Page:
The business world is changing but, for some reason, the business of Baylor is not.
Despite the fact that Mandarin and Japanese are arguably the two most important languages for business people to know, Baylor does not offer them as majors. That needs to change.
China has the second largest economy in the world according to the CIA’s World Factbook and saw a 10 percent increase in gross domestic product between 2009 and 2010.
Baylor students cannot currently major in China’s official language Mandarin.
Right behind China in gross domestic product is Japan, a country of approximately 126.4 million people.
Baylor students cannot major in Japanese, either.
If you want to major in a foreign language at Baylor’s College of Arts & Sciences, you can major in Spanish, French, Russian and German. You can also major in Greek, Latin, Classics and Biblical & Related Languages. Doesn’t it seem odd that you cannot major in a language that literally billions of people speak every day and yet you can major in languages that are spoken by few, if any, communities?
This is not to disparage these other majors being offered — there are legitimate and wonderful scholarly opportunities available to those who pursue these languages — but more to point out that the studies of these languages would be nicely complemented by the study of more modern ones.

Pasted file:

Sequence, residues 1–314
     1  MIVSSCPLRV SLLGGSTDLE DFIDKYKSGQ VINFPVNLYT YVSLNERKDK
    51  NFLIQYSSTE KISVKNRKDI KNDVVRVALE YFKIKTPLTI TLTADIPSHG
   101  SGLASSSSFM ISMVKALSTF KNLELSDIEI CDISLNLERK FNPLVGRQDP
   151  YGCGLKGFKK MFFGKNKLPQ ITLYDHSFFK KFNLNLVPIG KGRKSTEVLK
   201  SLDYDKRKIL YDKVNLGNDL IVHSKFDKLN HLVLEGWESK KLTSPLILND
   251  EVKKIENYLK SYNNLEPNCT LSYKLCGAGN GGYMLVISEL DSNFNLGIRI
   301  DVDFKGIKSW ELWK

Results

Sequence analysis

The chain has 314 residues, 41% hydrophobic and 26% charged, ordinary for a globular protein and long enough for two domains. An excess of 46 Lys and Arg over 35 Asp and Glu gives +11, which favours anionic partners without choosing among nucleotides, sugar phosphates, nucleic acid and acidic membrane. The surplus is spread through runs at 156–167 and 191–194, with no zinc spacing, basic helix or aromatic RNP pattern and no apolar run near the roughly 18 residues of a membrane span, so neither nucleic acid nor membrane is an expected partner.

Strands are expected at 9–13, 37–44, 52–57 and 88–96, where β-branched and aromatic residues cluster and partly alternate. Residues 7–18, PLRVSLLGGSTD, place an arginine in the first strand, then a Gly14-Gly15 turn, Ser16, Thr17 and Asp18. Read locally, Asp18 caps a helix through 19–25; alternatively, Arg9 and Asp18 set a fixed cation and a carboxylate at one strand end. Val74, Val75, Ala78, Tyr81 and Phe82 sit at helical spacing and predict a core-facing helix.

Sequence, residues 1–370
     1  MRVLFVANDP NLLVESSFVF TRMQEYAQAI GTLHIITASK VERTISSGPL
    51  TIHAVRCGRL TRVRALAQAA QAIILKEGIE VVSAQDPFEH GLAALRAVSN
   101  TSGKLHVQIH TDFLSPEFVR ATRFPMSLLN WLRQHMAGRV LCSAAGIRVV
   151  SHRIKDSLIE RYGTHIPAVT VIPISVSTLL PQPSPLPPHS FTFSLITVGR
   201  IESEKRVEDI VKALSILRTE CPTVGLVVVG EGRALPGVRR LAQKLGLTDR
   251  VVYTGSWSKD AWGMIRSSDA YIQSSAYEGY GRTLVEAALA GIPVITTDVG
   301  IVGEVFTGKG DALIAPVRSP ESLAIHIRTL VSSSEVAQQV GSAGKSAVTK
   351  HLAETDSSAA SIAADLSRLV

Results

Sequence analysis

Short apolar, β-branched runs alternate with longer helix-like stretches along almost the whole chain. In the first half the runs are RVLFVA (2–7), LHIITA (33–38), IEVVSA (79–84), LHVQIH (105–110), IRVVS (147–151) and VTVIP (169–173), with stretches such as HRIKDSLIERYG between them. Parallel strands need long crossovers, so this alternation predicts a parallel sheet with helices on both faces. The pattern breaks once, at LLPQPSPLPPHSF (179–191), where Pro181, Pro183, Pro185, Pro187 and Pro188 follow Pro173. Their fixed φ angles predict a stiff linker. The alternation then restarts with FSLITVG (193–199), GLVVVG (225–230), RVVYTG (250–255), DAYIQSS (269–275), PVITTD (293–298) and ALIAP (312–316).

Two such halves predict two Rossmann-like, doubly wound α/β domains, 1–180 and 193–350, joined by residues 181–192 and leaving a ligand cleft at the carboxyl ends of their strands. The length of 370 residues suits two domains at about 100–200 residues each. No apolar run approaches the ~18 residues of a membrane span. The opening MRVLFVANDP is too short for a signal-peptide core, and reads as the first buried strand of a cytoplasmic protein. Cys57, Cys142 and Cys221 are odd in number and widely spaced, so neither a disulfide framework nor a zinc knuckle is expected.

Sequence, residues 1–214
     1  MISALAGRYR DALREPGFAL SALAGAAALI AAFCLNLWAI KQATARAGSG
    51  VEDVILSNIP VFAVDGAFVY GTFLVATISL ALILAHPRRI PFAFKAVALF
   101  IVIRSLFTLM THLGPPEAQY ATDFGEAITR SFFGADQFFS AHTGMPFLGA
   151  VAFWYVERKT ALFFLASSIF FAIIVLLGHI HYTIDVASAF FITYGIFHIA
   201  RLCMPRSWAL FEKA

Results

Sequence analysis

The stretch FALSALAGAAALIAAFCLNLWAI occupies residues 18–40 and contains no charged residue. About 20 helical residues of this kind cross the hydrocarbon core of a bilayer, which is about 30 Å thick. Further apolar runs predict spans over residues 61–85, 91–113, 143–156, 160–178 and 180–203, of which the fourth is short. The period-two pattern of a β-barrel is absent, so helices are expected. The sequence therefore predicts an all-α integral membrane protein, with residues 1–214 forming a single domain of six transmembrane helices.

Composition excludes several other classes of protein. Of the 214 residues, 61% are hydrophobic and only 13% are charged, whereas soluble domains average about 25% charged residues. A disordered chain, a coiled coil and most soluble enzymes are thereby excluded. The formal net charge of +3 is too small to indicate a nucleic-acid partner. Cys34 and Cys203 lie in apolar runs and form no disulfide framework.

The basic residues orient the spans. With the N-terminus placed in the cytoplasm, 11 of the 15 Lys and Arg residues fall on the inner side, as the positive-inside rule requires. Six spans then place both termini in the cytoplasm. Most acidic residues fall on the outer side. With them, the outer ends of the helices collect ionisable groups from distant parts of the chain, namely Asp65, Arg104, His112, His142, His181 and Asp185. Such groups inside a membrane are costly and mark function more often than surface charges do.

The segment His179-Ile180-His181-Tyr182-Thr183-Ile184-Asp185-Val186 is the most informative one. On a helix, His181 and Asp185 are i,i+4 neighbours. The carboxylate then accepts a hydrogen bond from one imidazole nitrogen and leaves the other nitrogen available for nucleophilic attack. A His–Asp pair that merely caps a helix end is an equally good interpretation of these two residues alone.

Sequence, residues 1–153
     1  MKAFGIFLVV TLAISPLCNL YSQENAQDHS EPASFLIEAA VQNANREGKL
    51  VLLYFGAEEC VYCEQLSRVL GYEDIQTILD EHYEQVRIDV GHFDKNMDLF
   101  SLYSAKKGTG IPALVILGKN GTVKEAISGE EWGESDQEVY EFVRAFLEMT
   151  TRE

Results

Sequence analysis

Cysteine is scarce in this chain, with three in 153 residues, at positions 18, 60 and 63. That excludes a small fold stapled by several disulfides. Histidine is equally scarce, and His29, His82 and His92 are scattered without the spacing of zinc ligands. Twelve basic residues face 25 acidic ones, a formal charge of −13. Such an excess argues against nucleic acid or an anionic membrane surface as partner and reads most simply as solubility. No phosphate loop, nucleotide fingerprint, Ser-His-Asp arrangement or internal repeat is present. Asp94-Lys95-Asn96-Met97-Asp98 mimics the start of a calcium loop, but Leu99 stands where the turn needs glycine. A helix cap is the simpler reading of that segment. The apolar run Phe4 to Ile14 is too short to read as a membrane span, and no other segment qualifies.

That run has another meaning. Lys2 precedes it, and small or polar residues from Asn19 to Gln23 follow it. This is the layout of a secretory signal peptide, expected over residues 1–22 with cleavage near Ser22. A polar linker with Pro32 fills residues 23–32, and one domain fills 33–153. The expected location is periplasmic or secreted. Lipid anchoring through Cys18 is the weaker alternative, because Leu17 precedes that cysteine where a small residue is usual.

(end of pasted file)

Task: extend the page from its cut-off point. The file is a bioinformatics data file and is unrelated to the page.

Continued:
At the Hankamer School of Business, students can major in Business Spanish, French, German and Russian. Despite the fact that Asia grows more important to businesses every day, there are no Asian languages offered as majors.
Baylor already has three instructors for Chinese and two for Japanese. The amount of additional faculty the university would need to hire to create new majors exclusively for these languages would likely be minimal. Baylor already offers majors that incorporate Asian languages in the curriculum, such as our Language & Linguistics major and our Asian Studies major, so why not offer a major that focuses on the languages exclusively?
Many of these students, as well as business students and others looking toward international work, would likely be interested in double majoring in their current major and Mandarin or Japanese. Such majors would set these students apart from others in an increasingly competitive job market.
Students with the ability to speak Mandarin or Japanese in this globalized world are more and more valuable each day, so it seems obvious that this is an area for expansion. Baylor has done a terrific job in beginning to offer courses in these areas, but it is not yet finished with its work.
We would like to call upon the university to create Mandarin and Japanese majors for both the College of Arts and Sciences and for the Hankamer School of Business. Looking toward the future and keeping an eye on even more language options would be prudent, but Mandarin and Japanese seem like an obvious enough first step.
The business world is changing and being able to understand what others are saying seems like a necessity to face this new world.